The difference between the delineation of the outer limits of the continental shelf and maritime delimitation was also stressed by the ICJ in the Question of the Delimitation of the Continental Shelf between Nicaragua and Colombia beyond 200 nautical miles from the Nicaraguan Coast. The Court held:
[S]ince the delimitation of the continental shelf beyond 200 nautical miles can be undertaken independently of a recommendation from the CLCS, the latter is not a prerequisite that needs to be satisfied by a State party to UNCLOS before it can ask the Court to settle a dispute with another State over such a delimitation.
In Maritime Delimitation in the Indian Ocean (Preliminary Objections), however, the ICJ appeared to take a more nuanced view:
A lack of certainty regarding the outer limits of the continental shelf, and thus the precise location of the endpoint of a given boundary in the area beyond 200 nautical miles, does not, however, necessarily prevent either the States concerned or the Court from undertaking the delimitation of the boundary in appropriate circumstances before the CLCS has made its recommendations.
The term ‘in appropriate circumstances’ can be interpreted to mean that the Court would decide whether the delimitation of the continental shelf beyond 200 nautical miles should be effected before recommendations of the CLCS on a case-by-case basis. In this connection, ITLOS, in the Bangladesh/Myanmar case, admitted that it ‘would have been hesitant to proceed with the delimitation of the area beyond 200 nm had it concluded that there was significant uncertainty as to the existence of a continental margin in the area in question’.
The third issue relates to the methodology applicable to the delimitation of the continental shelf beyond 200 nautical miles. In this regard, ITLOS held that Article 83 of the LOSC applies equally to the delimitation of the continental shelf both within and beyond 200 nautical miles; and that the delimitation method to be employed in the present case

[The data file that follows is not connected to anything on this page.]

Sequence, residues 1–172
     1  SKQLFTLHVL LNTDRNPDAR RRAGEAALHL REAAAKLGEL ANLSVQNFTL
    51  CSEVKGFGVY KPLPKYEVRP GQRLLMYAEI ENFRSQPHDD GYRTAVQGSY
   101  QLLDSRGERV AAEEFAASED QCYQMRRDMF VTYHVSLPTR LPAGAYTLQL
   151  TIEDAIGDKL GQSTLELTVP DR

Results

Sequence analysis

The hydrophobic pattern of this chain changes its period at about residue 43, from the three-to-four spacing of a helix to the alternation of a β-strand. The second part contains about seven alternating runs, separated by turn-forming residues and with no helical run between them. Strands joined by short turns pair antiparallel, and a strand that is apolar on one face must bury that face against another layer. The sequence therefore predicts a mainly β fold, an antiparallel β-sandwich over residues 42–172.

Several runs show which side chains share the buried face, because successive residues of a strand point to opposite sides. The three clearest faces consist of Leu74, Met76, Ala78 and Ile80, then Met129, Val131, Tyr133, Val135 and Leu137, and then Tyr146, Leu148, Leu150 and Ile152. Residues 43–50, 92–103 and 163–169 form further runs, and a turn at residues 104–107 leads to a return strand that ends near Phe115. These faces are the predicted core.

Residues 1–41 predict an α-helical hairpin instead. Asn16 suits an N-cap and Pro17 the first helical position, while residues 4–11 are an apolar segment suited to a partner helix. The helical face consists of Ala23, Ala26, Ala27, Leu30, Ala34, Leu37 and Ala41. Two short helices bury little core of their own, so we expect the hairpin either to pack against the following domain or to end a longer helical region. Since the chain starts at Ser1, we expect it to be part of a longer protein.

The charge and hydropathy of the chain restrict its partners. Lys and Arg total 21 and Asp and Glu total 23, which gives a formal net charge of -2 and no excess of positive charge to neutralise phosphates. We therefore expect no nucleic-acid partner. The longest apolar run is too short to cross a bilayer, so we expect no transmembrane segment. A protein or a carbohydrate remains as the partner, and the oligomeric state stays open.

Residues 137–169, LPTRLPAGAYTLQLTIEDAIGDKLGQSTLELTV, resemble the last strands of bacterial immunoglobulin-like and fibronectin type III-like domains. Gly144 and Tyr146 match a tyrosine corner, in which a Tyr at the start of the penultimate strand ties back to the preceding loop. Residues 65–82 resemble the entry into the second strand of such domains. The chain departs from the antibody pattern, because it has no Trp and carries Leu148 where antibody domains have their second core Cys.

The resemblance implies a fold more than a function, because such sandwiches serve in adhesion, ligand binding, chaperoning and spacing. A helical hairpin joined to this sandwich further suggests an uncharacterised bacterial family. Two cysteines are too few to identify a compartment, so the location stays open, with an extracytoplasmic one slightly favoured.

for the continental shelf beyond 200 nautical miles should not differ from that within 200 nautical miles. ITLOS’ approach was echoed by the Annex VII Arbitral Tribunal in the 2014 Bangladesh/India Arbitration.
The concept of ‘one single continental shelf’ provides a legal basis for the application of the same method to the delimitation of the continental shelf beyond 200 nautical miles.
This concept was presented by the Arbitral Tribunal in the Barbados/Trinidad and Tobago case, stating: ‘There is in law only a single “continental shelf” rather than an inner continental shelf and a separate extended or outer continental shelf.’ Subsequently the concept of ‘one single continental shelf’ was confirmed in the Bangladesh/Myanmar,
Bangladesh/India and Ghana/Côte d’Ivoire cases.186 In the words of the ITLOS Special Chamber in the Ghana/Côte d’Ivoire case:
As far as the methodology for delimiting the continental shelf beyond 200 nm is concerned, the Special Chamber recalls its position that there is only one single continental shelf. Therefore it is considered inappropriate to make a distinction between the continental shelf within and beyond 200 nm as far as the delimitation methodology is concerned.
According to the dictum, the same delimitation method, i.e. the three-stage approach, can equally apply to the delimitation of the continental shelf beyond 200 nautical miles. In relation to the lateral delimitation, international courts and tribunals would encounter no serious difficulty in extending the delimitation line in the same direction until it reached the outer limits of the continental shelf. In fact, the Bangladesh/Myanmar, Bangladesh/India and Ghana/Côte d’Ivoire cases related to delimitation between States with adjacent coasts.
However, whether the same methodology can apply to the delimitation between States with opposite coasts needs further consideration.